Douglas Trumbull & the Future of Film

Hades Landscape from Blade Runner Special-effects legend Douglas Trumbull (2001, Blade Runner) discusses his career, his new MAGI digital filmmaking process, and the future of digital movies, in this Hollywood Reporter article.

Hades Landscape from Blade Runner This video clip from Trumbull's site illustrates how they created the opening "Hades landscape" sequence in Blade Runner (Here's a clip of the scene; jump to the 3:00 mark to skip the opening credits). I think these kinds of practical special effects, created by photographing real models, lights, smoke, etc., in some cases look better than digital effects; I hope software doesn't completely replace craftsmanship.

Soderbergh Retires from Directing

Steven Soderbergh Film director Steven Soderbergh, credited with launching the "Indie movement" with 1989's sex, lies and videotape, has retired from filmmaking. He discusses his reasons, his plans and much more in New York magazine.



Helvetica, the Movie You'd think it would be hard to make an interesting movie about a font, but filmmaker Gary Hustwit has. Helvetica is a “feature-length independent film about typography, graphic design and global visual culture."

Also highly recommended are the other two films of Hustwit's ‘design trilogy,’ Objectified and Urbanized.

Massimo Vignelli, 1931 – 2014.

Criterion Qatsi Trilogy

Criterion Qatsi Collection Criterion, the gold standard for high-qualtiy videos of classic, challenging and artistic films, has released a box set of Godfrey Reggio's remarkable Qatsi  trilogy.

From Criterion's site:

"Astonishingly photographed, and featuring unforgettable, cascading scores by Philip Glass, these are immersive sensory experiences that meditate on the havoc humankind’s obsession with technological advancement has wreaked on our world. From 1983’s Koyaanisqatsi to 1988’s Powaqqatsi to 2002’s Naqoyqatsi, Reggio takes us on a journey from the ancient to the contemporary, from nature to industry, exploring life out of balance, in transformation, and as war, all the while keeping our eyes wide with wonder."

Chronos, Baraka, and Samsara

Koyaanisqatsi cinematographer Ron Fricke went on to direct three visually stunning movies of his own: Chronos (an IMAX film), Baraka, and Samsara. The films feature gorgeous 70mm photography, using custom-made cameras to create spectacular time-lapse sequences, and were shot in dozens of countries on all seven continents. Like the Qatsi trilogy there is no dialog; the soundtracks feature the lush electronics of Michael Stearns, and music from Dead Can Dance vocalist Lisa Gerrard.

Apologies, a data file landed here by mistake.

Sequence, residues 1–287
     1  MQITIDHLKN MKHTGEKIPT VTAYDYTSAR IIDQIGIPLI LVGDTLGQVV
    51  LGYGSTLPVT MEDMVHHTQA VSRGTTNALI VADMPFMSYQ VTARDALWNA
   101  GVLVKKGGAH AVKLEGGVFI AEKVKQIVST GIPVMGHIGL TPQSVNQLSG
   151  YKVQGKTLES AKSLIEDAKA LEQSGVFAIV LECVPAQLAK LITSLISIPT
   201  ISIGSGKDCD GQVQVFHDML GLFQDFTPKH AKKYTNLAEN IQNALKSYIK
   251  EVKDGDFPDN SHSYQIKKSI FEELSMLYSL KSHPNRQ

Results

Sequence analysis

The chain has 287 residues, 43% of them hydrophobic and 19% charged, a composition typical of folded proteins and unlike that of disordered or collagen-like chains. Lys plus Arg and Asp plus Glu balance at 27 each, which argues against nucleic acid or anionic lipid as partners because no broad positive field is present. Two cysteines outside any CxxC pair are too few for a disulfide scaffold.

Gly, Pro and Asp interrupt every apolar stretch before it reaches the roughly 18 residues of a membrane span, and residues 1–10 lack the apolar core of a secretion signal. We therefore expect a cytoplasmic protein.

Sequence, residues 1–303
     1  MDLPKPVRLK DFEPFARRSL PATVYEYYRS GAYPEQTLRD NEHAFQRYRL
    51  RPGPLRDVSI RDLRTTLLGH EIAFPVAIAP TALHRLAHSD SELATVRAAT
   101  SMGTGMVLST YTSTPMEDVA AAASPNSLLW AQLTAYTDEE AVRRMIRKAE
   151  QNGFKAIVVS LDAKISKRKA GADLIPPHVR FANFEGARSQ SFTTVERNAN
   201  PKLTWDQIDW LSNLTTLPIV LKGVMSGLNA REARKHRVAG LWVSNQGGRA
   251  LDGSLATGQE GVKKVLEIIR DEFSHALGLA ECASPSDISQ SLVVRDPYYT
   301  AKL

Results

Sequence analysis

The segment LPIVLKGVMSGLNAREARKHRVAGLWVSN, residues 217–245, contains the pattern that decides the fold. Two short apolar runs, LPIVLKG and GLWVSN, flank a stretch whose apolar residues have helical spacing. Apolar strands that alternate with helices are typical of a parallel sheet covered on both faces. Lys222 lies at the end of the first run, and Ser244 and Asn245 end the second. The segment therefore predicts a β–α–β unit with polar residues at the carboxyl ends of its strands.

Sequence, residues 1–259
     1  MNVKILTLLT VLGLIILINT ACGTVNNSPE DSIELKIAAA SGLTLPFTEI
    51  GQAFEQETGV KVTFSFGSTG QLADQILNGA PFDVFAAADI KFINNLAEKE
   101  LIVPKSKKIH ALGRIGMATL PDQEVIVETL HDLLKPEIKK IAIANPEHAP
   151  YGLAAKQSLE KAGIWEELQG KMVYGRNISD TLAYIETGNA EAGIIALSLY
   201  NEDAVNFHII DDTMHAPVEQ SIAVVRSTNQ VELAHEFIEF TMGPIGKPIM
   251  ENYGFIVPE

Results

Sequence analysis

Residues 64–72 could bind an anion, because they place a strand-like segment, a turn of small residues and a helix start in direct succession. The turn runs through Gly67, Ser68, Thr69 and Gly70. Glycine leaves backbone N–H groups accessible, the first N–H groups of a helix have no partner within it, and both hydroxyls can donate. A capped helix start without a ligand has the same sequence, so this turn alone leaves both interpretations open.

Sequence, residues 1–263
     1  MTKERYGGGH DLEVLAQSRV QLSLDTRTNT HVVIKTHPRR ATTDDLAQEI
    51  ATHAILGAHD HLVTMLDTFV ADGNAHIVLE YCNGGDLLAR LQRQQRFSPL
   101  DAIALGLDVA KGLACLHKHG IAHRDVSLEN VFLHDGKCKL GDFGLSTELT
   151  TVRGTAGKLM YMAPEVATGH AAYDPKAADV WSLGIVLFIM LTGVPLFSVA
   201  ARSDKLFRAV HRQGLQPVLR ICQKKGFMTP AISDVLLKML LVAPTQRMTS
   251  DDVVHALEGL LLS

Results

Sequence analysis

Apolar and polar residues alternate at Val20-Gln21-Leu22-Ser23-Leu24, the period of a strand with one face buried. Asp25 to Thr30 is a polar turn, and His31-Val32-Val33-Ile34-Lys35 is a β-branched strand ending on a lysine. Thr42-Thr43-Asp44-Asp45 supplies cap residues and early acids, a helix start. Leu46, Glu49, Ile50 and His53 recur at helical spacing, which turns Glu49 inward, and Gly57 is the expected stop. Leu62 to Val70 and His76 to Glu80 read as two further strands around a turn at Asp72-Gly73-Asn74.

Blu-Ray Favorites

Criterion Trois Coleurs Trilogy

Criterion Three Colors Collection Criterion has also released Krzysztof Kieslowski's wonderful Trois Coleurs (Three Colors) trilogy, Blue, White, and Red. The films' titles, and themes, are derived from the colors and symbolism of France's flag, the Tricolour – blue representing Liberty; white, Equality; and red, Fraternity.

The films all feature beautiful photography, gorgeous lead actresses (Juliet Binoche, Julie Delpy and Irène Jacob, respectively) and lush orchestral scores by longtime Kieslowski collaborator Zbigniew Preisner. Criterion has, as usual, included numerous extras, including documentaries, interviews, and several additional short films by Kieslowski.

Watch the three films in order – Blue, White and Red. There are some subtle plot and musical connections, and the conclusion of Red is also the conclusion of the trilogy, and so won't make as much sense if you've not seen the other two.

Sorcerer Re-Released

(And now for something completely different ...)

William Friedkin's SorcererIn 1977 director William Friedkin was white hot, coming off back-to-back megahits The French Connection and The Exorcist. His next project was a new version of The Wages of Fear, a 1953 film by French director George Clouzot.

Sorcerer was, by Friedkin's own admission, a product of ambition, passion, and hubris. Shooting in the Dominican Republic was brutal and plagued with difficulties, and the film was released to poor reviews and box office. It badly affected Friedkin's career, and his psyche.

History has been kinder to Sorcerer, with a new release on Blu-Ray, restoring Friedkin's original cut, and critics now recognizing the film's excellence. The film also features a brilliant soundtrack by Tangerine Dream, of whom more on the Music page.

Friedkin looks back on his life and career, including fascinating stories about making French Connection, Exorcist, and Sorcerer, in his new memoir, The Friedkin Connection.